The food-plot craze has revolutionized deer hunting. But what if you don’t have the land, equipment, or cash to plant a plot? Iowa deer expert Jim Ward has an alternative: Build a deer bedroom. All deer, from young fawns to mature bucks, seek cover where they can rest and escape predators, says Ward. If you build a bed in the right spot, a buck will find it and call it home.
Pick a Buck Spot
“When scouting a property, look for a piece of high ground—the end of a point or the end of a ridge—where a buck can bed, see everything around him, and have an escape route out the back door. Bucks always look for a bedding area that provides several escape routes,” says Ward. “Does are going to bed near food, and bucks choose a bedding site for security.
“Building a buck bed requires a little elbow grease, but not much else besides a chainsaw and some garden tools,” says Ward. “Once I find a likely looking piece of high ground, I try to hinge-cut a few trees around the spot where I want the bed to be. After I cut the trees, I get them situated so the buck has a backdrop of freshly cut trees. Hinge-cut trees provide both cover and food. Because they are only partially cut through, they can live for several years and continue to produce leaves. The leaves give the buck something to eat that he doesn’t have to work too hard to get.”
Make It Homey
Next, with a rake and shovel, remove debris from beneath the freshly cut trees.
“Deer are like people,” says Ward. “They don’t want to lie down on a bed of rocks and roots or on top of sticks. Nor will they use an area that doesn’t drain well. They prefer a soft bed where they can get comfortable, so that is what I give them. I work hard at leveling out the soil and making sure all the sticks and rocks are removed.”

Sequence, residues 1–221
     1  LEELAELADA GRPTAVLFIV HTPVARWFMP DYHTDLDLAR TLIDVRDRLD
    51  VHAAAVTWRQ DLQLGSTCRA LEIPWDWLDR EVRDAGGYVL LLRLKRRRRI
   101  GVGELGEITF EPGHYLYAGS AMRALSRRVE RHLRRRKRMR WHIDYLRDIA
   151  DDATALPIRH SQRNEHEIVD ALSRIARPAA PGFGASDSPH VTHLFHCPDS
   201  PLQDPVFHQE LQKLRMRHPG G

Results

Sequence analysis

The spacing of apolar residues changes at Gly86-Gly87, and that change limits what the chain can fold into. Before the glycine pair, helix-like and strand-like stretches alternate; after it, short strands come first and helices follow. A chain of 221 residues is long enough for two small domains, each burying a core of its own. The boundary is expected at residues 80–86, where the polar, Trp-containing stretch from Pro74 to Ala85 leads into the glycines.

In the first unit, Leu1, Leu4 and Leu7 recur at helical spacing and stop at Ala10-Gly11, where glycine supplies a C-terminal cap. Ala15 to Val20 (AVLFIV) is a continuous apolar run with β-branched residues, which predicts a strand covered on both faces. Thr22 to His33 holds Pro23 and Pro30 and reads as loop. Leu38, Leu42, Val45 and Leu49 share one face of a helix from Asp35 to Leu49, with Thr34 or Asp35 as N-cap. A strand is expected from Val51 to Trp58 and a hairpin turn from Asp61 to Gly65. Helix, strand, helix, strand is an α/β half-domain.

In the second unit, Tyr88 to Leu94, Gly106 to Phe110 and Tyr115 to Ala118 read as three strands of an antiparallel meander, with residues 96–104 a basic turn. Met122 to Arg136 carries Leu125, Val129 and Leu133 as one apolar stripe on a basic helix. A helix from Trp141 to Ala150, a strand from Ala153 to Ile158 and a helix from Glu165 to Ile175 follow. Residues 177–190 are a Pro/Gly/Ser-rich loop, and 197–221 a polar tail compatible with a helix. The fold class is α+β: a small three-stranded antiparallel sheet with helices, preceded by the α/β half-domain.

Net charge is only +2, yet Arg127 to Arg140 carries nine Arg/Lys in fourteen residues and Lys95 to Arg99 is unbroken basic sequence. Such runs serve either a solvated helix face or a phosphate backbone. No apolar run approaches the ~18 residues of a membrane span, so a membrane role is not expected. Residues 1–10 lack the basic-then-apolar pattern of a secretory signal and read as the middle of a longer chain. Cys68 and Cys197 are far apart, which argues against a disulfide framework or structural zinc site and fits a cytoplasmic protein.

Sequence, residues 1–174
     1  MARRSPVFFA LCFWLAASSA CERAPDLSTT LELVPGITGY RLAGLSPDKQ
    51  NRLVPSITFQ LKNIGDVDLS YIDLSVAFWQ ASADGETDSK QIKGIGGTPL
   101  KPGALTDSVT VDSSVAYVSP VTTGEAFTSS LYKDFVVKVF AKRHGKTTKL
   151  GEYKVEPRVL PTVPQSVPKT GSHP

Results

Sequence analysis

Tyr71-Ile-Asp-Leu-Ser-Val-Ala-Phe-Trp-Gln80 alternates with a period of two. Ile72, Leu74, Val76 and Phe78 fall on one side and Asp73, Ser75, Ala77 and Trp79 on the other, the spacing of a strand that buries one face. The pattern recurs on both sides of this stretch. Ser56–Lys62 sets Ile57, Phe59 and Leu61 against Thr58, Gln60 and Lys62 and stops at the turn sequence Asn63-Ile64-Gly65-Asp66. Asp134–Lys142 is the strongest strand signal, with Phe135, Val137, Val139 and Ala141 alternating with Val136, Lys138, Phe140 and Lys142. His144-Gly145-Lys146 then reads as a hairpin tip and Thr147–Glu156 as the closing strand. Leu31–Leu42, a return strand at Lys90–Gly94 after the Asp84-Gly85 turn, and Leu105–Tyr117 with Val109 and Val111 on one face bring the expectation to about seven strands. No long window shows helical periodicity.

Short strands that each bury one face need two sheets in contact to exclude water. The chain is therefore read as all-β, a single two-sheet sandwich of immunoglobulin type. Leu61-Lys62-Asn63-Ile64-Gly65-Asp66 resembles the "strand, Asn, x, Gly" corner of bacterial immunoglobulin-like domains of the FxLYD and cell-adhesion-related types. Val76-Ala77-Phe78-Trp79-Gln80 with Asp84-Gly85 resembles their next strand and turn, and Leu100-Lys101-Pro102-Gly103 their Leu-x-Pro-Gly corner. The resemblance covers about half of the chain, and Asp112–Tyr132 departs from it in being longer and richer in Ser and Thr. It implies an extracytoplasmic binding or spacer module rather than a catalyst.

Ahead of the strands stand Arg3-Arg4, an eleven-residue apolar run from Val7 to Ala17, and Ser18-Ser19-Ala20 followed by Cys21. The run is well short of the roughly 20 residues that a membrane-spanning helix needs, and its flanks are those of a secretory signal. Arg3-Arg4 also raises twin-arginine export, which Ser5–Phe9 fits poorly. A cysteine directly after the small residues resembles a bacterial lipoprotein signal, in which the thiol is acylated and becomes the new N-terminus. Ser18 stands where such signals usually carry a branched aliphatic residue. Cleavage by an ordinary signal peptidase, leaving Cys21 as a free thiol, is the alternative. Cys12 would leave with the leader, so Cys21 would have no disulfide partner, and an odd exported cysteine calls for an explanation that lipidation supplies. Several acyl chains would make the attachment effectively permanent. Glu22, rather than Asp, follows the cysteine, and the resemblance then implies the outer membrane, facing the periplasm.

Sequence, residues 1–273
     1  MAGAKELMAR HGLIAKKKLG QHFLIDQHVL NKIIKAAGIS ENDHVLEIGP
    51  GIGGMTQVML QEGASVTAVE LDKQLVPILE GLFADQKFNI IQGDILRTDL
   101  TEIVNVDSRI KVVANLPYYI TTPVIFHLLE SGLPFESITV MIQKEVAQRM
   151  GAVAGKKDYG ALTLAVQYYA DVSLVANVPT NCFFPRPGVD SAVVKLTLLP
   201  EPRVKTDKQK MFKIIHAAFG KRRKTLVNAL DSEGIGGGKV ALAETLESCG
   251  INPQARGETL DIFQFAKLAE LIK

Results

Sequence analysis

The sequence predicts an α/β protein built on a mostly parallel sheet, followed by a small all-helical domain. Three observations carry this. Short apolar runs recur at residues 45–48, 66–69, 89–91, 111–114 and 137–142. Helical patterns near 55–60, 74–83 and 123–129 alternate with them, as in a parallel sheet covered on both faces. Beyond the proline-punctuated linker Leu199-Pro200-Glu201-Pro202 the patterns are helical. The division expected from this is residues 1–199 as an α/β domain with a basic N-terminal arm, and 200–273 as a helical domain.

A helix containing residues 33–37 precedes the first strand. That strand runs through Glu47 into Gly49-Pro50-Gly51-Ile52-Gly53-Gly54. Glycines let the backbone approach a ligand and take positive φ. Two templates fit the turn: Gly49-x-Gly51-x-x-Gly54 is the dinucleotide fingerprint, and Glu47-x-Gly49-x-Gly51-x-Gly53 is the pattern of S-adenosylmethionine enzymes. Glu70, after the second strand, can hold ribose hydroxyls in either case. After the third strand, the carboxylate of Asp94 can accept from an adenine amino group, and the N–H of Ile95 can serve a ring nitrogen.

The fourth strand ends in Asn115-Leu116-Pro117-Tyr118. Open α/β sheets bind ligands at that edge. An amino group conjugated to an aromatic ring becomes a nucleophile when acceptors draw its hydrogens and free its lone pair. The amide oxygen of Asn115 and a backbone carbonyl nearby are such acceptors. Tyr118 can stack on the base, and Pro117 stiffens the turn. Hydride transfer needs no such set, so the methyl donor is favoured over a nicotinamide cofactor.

After the bed is built, cut and clear paths to and from the bedding area so that the buck has a couple of navigable escape routes. Building these paths not only gives the buck entry and egress, but also provides the hunter with a head start on figuring out
a buck’s travel pattern.
“If I know where a buck is bedding and the route he’s taking to get there, I will know where to hang my stand—it’s that simple,” says Ward.
In order to provide bucks with choices, Ward often creates two or three bedding areas within a targeted piece of cover.
“A buck doesn’t want to sit in the same place all the time,” he says. “Sometimes he will want to face one direction so the sun is to his back and he’s in the shadows. At other times he might want to face a certain direction so he can keep the wind in his face. Most of the time, the beds I build for a buck are all within a 50-yard radius of each other.”
Even if you can’t afford or have the necessary acreage for a food plot, you can provide for a buck’s other need—a secure place to bed. And that’s an area that can pay off season after season.